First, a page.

Convective weather events have a disruptive impact on air traffic both in terminal area and in en-route airspaces. In order to make sure that the national air transportation system is safe and efficient, it is essential to respond to convective weather events effectively. Traffic flow control initiatives in response to convective weather include ground delay, airborne delay, miles-in-trail restrictions as well as tactical and strategic rerouting. The rerouting initiatives can potentially increase traffic density and complexity in regions neighboring the convective weather activity. There is a need to perform rerouting in an intelligent and efficient way such that the disruptive effects of rerouting are minimized. An important area of research is to study the interaction of in-flight rerouting with traffic congestion or complexity and developing methods that quantitatively measure this interaction. Furthermore, it is necessary to find rerouting solutions that account for uncertainties in weather forecasts. These are important steps toward managing complexity during rerouting operations, and the paper is motivated by these research questions. An automated system is developed for rerouting air traffic in order to avoid convective weather regions during the 20- minute - 2-hour time horizon. Such a system is envisioned to work in concert with separation assurance (0 - 20-minute time horizon), and longer term air traffic management (2-hours and beyond) to provide a more comprehensive solution to complexity and safety management. In this study, weather is dynamic and uncertain; it is represented as regions of airspace that pilots are likely to avoid. Algorithms are implemented in an air traffic simulation environment to support the research study. The algorithms used are deterministic but periodically revise reroutes to account for weather forecast updates. In contrast to previous studies, in this study convective weather is represented as regions of airspace that pilots

  11. Venomics, lethality and neutralization of Naja kaouthia (monocled cobra) venoms from three different geographical regions of Southeast Asia.

    Science.gov (United States)

    Tan, Kae Yi; Tan, Choo Hock; Fung, Shin Yee; Tan, Nget Hong

    2015-04-29

    geographical region seems possible, changes to standard recommended dosage should only be made if further study validates that the monocled cobras within a population do not exhibit remarkable inter-individual venom variation. Copyright © 2015 Elsevier B.V. All rights reserved.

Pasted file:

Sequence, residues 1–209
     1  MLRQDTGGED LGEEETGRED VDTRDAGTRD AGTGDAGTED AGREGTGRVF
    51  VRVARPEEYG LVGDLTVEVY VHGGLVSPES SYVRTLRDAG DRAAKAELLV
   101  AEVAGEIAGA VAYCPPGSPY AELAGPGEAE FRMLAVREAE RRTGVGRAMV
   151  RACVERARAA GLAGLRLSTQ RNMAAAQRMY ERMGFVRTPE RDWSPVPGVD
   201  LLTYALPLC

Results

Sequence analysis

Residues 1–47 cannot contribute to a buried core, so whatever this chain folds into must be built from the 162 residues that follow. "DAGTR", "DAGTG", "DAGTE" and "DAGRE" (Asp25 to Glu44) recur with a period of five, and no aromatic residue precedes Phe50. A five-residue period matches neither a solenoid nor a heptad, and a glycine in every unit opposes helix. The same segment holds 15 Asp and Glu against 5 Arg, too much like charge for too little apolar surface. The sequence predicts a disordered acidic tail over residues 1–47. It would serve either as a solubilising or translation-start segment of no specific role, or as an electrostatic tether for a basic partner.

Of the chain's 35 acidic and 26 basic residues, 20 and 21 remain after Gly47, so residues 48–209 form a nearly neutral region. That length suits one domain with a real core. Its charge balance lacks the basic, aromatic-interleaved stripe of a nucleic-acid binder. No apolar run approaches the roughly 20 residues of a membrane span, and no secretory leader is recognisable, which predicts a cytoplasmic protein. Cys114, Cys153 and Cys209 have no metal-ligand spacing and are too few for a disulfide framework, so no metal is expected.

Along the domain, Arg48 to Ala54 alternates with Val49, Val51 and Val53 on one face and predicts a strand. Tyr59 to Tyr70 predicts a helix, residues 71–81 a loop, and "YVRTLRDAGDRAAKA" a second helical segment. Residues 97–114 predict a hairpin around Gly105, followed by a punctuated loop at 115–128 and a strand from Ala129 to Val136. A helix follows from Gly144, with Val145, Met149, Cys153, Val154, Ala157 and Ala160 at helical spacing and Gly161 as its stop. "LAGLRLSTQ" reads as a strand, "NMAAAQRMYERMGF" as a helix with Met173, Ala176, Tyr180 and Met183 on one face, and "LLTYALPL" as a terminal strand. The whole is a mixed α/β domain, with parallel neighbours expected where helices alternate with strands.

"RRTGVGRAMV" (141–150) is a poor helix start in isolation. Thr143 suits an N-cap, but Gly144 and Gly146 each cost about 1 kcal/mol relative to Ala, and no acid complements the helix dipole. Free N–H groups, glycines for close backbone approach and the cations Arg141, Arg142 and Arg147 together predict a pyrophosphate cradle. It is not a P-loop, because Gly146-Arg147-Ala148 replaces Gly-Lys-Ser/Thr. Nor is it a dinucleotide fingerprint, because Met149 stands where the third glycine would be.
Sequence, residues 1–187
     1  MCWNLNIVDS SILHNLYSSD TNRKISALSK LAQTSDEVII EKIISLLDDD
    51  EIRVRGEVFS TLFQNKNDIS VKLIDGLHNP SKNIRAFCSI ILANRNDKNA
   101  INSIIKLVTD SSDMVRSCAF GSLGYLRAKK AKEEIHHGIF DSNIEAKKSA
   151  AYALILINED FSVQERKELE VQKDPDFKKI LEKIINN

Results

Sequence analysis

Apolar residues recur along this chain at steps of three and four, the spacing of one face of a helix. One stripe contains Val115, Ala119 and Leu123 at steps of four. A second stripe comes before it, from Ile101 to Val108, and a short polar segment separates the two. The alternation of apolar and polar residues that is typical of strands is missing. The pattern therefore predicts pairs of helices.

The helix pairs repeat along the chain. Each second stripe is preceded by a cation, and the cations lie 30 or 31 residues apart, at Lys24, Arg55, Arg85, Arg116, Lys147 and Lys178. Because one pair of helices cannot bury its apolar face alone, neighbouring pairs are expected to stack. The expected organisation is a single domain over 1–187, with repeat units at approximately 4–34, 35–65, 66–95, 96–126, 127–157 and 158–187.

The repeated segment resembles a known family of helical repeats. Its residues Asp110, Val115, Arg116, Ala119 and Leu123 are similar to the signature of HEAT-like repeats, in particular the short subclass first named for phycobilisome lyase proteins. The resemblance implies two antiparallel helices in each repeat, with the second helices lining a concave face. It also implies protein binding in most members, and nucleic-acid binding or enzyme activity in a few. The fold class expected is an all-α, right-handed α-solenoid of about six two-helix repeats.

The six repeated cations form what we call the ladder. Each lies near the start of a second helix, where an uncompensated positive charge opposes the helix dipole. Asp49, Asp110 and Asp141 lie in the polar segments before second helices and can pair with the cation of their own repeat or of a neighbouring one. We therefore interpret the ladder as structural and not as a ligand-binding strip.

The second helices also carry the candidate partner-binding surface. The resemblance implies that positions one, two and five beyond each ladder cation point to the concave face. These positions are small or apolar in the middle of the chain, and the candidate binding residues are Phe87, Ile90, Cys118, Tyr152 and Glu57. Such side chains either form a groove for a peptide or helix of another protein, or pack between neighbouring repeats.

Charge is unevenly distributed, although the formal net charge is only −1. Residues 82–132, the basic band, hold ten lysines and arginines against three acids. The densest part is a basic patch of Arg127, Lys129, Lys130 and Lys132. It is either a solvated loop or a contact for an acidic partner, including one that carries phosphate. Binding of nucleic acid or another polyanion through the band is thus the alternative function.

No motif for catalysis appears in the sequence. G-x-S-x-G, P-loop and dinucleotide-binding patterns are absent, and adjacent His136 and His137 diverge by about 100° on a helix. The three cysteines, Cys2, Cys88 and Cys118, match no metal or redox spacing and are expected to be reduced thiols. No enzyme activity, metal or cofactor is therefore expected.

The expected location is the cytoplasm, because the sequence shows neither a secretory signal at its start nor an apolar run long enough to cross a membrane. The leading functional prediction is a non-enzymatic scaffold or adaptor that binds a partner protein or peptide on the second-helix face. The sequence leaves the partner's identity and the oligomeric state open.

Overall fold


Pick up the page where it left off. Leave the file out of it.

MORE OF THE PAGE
12. A probabilistic sampling method (PSM for estimating geographic distance to health services when only the region of residence is known

    Directory of Open Access Journals (Sweden)

    Peek-Asa Corinne

    2011-01-01

    Full Text Available Abstract Background The need to estimate the distance from an individual to a service provider is common in public health research. However, estimated distances are often imprecise and, we suspect, biased due to a lack of specific residential location data. In many cases, to protect subject confidentiality, data sets contain only a ZIP Code or a county. Results This paper describes an algorithm, known as "the probabilistic sampling method" (PSM, which was used to create a distribution of estimated distances to a health facility for a person whose region of residence was known, but for which demographic details and centroids were known for smaller areas within the region. From this distribution, the median distance is the most likely distance to the facility. The algorithm, using Monte Carlo sampling methods, drew a probabilistic sample of all the smaller areas (Census blocks within each participant's reported region (ZIP Code, weighting these areas by the number of residents in the same age group as the participant. To test the PSM, we used data from a large cross-sectional study that screened women at a clinic for intimate partner violence (IPV. We had data on each woman's age and ZIP Code, but no precise residential address. We used the PSM to select a sample of census blocks, then calculated network distances from each census block's centroid to the closest IPV facility, resulting in a distribution of distances from these locations to the geocoded locations of known IPV services. We selected the median distance as the most likely distance traveled and computed confidence intervals that describe the shortest and longest distance within which any given percent of the distance estimates lie. We compared our results to those obtained using two other geocoding approaches. We show that one method overestimated the most likely distance and the other underestimated it. Neither of the alternative methods produced confidence intervals for the distance